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Social Isolation - Autistic Friend or Foe?

In these strange times of lockdown and social distancing, many people are struggling with the enforced isolation. They feel disconnected, lonely, frustrated, out of touch. But these feelings are something many Autistic children and adults live with on a daily basis.

For some of us Autistic individuals, social isolation is comforting. By keeping our world small, limiting social contact, immersing ourselves in our special interests, we feel safe and secure and in control. Internet shopping is the norm to avoid queues and crowds. Social media is a lifeline, a way to communicate and stay connected with the people and causes we care about without having to brave birthday drinks and leaving parties. Sometimes we accept social invitations to be polite, to be brave, sometimes we really DO want to go. Buts it's more than likely we'll cancel last minute or worse, be a 'no show' because the sounds, smells, heat, pressure, masking and stranger danger will scare us off.

But there are many Autistic individuals who enjoy socialising. Who would love to be included on that invite. Who crave human connection even if they aren't quite sure how to communicate or how to behave in order to 'fit in' with the neurotypical majority. And some of them pull it off marvelously. Some of them surround themselves with other colourful neurodiverse folk so they can be themselves. Some of them may even have friends and family who understand and accept Autism, allowing the Autistic person to cast aside their mask.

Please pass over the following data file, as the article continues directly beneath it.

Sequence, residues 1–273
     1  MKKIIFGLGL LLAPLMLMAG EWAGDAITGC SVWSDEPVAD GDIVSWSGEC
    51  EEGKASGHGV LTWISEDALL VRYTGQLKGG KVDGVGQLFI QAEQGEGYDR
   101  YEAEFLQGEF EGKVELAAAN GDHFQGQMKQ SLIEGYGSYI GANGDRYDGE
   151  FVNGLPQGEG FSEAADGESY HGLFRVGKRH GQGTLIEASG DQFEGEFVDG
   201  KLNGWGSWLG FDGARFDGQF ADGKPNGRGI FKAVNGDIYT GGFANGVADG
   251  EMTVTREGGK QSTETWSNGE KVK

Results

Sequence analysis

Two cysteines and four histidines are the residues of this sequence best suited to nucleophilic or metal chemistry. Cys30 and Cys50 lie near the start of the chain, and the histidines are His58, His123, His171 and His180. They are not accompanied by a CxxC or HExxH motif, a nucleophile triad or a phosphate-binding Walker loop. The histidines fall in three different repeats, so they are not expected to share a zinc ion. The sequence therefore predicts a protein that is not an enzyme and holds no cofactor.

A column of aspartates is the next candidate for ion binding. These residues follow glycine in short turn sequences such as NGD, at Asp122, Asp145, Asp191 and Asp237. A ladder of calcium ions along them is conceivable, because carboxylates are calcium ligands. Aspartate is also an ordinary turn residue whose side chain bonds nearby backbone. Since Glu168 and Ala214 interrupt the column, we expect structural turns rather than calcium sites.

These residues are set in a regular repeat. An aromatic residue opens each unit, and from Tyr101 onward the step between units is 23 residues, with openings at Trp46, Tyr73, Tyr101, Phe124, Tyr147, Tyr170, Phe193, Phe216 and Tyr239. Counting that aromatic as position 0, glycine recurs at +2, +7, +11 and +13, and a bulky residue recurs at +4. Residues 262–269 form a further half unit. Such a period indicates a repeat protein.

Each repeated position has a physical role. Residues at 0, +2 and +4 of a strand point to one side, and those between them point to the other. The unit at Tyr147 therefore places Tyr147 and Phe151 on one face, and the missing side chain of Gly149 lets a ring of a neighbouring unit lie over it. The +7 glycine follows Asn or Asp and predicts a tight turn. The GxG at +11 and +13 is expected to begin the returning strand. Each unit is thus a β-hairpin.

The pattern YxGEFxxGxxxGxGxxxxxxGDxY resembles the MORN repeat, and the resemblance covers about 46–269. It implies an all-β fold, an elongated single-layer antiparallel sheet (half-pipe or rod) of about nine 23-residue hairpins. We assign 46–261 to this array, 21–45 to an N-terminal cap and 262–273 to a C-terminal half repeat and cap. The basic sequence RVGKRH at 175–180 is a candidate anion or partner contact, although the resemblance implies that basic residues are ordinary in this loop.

I am fortunate to have a wonderful Husband and a small group of family members and friends who love me and try to understand my needs even if they don’t understand my differently wired brain. But at school, where I was surrounded by different cliques and friendships groups I was always aware that I was generally liked by all, but not enough to be taken in by any one group. I usually had one or two close friends at any given time, who were different in their own way, or who were intrigued by me. But I didn’t warrant inclusion at a deeper level with the majority of my peer group. As I got older and learned to mask more effectively, then I grew in popularity. But I was always afraid that if the mask slipped and I failed to act like everyone else then I’d be discarded for not fitting in.

Now as a mum to two boys I avoid eye contact in the school playground because I see those same impenetrable cliques and competitive groups. On the few occasions I’ve tried to ‘fit in’ by going to PTA meetings or volunteering for a school fete, the other parents smile and make bland conversation but I am largely invisible. I’m not apportioning blame. I’m sure my social awkwardness is like a technicolor coat that scares others away. Thank goodness for the two or three Mums who actually see ME and seem glad to see me. You know who you are.